Mr. Caratachea introduced the 3Doodler. This is an amazing tool that the students can use to bring anything they can think of to life in three dimensions. The idea behind it combines 3D printing and a hot glue gun. When using the 3Doodler you have to load the colored filament in the back of the pen. There are two speeds that the pen can extrude the filament, fast and slow. The pen can also be set to extrude filament continuously or only when the operator is holding the button. Depending on the type of doodling you are doing all of these settings can be helpful. The first thing that was discussed with the students was safety. Since this 3D pen melts the filament, the tip of it gets pretty hot! Each student that attended the MakerFest knows never to touch the end of the 3Doodler. Drawing in 3D isn’t as easy as it sounds and will require a little practice. Luckily there are templates that come with the 3Doodler and even more online that can be printed out. These templates are great because it makes drawing with the 3Doodler as easy as tracing on paper. There are even step by step guides that can be printed out to help the artists make their creations. Two of the crowd favorites were the step by step instructions for animals and of course Star Wars characters.
Mrs. Hues' station got students drawing using Masterpiece with Osmo. Osmo features a clip on piece with a mirror that attaches to an iPad where the camera is located so that the camera looks down at the table where students are working. With Masterpiece, students select a picture from the gallery and it appears on the iPad. Using paper and markers on the table, students look up at the iPad to trace the red lines. When they are finished and look down at their paper, they will see their masterpiece!
Osmosaurus from Karen Hues on Vimeo
I was in charge of the MaKey MaKey station.
Also set up were two computers with THIS skiing game. The object of the game is to get the skier from the top of the hill to the bottom of hill without running into trees. You also have to build a snowman by collecting snowman parts along the way. Students used the MaKey MaKeys as the controllers that were hooked up to PlayDough. Jessica Robinson had the clever idea to use holiday cookie cutters to cut out shapes so we had stars and gingerbread men acting as the left and right arrow keys. Such a cute idea!
Jon Wirsing manned the Tinkercad station. Tinkercad is a very powerful online 3D modeling website. The best thing about Tinkercad is that it is very child friendly. With practice students in elementary school can design their own three dimensional objects that can then be printed with a 3D printer. This website is free of charge! The students simply login with their Google accounts and they are ready to go. Working in a 3D workspace can definitely be tricky, so the students will be starting small and working their way to more complex designs. This type of tool can be extremely valuable in the classroom because some students, especially visual learners, will be able to take an abstract idea they study in school and make it a tangible object.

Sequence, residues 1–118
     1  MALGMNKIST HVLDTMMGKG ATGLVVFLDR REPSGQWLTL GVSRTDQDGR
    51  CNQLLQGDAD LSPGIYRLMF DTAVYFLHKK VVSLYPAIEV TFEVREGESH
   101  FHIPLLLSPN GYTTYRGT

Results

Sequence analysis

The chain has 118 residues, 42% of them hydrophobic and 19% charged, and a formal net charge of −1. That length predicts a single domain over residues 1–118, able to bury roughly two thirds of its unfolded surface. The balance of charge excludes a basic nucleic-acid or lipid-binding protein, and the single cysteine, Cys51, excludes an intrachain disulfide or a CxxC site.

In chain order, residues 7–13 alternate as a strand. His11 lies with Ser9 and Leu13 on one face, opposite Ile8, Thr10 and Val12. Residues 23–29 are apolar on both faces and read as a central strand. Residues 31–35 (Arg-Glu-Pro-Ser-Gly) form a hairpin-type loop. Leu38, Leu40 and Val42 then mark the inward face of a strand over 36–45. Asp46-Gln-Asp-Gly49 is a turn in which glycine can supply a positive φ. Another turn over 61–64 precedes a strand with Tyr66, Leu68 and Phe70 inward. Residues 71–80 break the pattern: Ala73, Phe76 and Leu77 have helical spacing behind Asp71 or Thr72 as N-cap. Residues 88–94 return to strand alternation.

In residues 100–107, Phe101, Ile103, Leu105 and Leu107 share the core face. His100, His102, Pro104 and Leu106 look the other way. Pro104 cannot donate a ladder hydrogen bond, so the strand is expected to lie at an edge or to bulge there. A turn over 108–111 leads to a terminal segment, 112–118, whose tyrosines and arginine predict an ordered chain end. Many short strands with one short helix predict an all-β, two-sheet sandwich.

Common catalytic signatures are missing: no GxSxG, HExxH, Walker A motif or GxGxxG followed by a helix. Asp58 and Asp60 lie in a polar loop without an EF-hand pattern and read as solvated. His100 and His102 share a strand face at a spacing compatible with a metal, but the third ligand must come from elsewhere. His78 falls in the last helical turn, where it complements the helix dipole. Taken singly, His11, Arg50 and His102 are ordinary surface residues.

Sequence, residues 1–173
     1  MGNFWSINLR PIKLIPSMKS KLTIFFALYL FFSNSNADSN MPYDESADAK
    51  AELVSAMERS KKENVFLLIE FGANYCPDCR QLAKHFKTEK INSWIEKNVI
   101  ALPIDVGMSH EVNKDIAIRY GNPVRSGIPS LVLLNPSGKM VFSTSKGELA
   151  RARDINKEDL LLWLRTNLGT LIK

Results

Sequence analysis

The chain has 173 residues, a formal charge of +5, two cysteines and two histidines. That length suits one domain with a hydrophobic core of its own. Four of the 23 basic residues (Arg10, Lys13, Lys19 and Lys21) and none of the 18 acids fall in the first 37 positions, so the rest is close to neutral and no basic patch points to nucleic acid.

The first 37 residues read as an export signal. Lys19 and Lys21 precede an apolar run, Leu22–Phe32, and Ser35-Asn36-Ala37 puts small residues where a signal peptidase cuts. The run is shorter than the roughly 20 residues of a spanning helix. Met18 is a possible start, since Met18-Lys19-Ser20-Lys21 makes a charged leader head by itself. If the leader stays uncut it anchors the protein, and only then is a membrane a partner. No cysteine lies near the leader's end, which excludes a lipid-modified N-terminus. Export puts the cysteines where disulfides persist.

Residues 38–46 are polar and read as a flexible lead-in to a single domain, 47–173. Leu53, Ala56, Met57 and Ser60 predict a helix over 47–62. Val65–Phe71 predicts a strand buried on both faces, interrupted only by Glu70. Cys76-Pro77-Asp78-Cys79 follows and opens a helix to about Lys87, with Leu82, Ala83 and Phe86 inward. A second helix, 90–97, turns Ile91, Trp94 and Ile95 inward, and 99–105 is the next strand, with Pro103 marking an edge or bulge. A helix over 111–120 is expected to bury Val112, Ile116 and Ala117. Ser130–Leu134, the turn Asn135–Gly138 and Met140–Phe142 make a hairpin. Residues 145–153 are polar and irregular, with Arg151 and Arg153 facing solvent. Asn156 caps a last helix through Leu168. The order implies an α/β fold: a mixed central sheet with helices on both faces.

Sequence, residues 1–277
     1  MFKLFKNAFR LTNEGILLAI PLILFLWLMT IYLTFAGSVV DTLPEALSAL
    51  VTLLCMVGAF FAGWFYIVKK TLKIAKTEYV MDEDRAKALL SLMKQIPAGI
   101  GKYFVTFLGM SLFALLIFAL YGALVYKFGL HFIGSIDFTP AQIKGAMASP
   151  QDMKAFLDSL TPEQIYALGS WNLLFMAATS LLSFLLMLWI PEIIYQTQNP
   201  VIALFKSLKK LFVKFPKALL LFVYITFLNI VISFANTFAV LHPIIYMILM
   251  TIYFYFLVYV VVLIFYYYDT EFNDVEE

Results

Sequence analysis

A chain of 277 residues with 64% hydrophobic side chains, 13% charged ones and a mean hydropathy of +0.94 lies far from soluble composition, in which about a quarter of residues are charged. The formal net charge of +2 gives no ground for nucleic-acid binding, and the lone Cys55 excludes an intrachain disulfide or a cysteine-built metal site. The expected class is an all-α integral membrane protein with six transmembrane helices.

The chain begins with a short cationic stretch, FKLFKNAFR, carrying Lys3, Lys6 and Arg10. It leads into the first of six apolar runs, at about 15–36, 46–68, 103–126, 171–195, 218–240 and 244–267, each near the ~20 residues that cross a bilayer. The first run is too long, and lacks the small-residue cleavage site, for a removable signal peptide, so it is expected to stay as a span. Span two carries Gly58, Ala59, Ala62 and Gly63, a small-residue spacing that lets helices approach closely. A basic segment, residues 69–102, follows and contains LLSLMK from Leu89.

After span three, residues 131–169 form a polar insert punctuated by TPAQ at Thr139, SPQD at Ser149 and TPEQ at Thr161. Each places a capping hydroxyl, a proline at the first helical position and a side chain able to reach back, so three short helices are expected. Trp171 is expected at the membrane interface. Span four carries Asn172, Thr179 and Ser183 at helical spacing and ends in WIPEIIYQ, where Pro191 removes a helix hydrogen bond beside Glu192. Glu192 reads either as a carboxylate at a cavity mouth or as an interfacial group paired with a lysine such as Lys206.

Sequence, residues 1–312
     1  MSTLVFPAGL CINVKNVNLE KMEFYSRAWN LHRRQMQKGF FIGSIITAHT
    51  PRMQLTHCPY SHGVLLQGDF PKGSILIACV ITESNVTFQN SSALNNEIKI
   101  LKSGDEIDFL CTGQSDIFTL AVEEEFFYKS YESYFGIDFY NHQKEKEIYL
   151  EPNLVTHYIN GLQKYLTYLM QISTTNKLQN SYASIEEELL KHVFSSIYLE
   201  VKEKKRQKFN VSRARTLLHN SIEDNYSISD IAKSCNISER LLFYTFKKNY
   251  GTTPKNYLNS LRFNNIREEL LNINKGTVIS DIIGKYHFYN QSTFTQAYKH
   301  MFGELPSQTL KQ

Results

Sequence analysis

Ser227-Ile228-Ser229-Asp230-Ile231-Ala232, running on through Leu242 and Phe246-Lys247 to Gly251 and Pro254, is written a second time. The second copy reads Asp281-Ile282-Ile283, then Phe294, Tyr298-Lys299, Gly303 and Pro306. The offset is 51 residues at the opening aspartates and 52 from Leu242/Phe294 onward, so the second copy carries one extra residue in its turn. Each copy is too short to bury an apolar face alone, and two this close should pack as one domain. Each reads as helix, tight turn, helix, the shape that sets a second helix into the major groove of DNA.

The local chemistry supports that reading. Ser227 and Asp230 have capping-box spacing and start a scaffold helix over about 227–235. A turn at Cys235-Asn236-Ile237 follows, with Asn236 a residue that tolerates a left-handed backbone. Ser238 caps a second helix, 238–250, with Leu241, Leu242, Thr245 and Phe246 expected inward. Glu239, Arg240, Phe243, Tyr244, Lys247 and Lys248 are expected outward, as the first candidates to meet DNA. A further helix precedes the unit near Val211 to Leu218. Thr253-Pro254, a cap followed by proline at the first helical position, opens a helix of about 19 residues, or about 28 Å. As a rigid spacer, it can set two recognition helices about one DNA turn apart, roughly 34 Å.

The 3D printing station was lead by a 4th grade student whose family donated their old 3D printer to the school, so it was only fitting that he was the person explaining what the students can do with a 3D printer. Our Instructional Technology department here in Henrico County has been working with our 3D printer that we purchased with a grant from The Henrico Education Foundation, so we are familiar with integrating the idea of 3D printing and design into the classroom curriculum. The students explained to his fellow peers the process of 3D printing and how sometimes things don’t always turn out the way that you expect them to turn out. 3D printing is a great tool for the trial and error process, which is an idea that makers truly embody. The students at this elementary school will use Tinkercad to design their very own 3D objects and be able to print them right at school!
Mrs. Gebhard, the library assistant, was in charge of the sewing machine. Sewing is a very important life skill that these lucky students will be able to say they possess after elementary school. Mrs. Gebhard showed the students how to operate the sewing machine, and also how to troubleshoot when issues arise. While showing the students she focused on safety and the importance of being extremely careful while using this great tool. The students who are interested in using the sewing machine are also going to receive more in depth training by a volunteer from Jo-Ann Fabric. Once the students know how to safely and properly use the sewing machine they will be able to use it in Makerspace.
Check out all of the fun we had at MakerFest Day:
MakerFest 2015 from Julie on Vimeo.
We think EVERY school needs a MakerFest Day!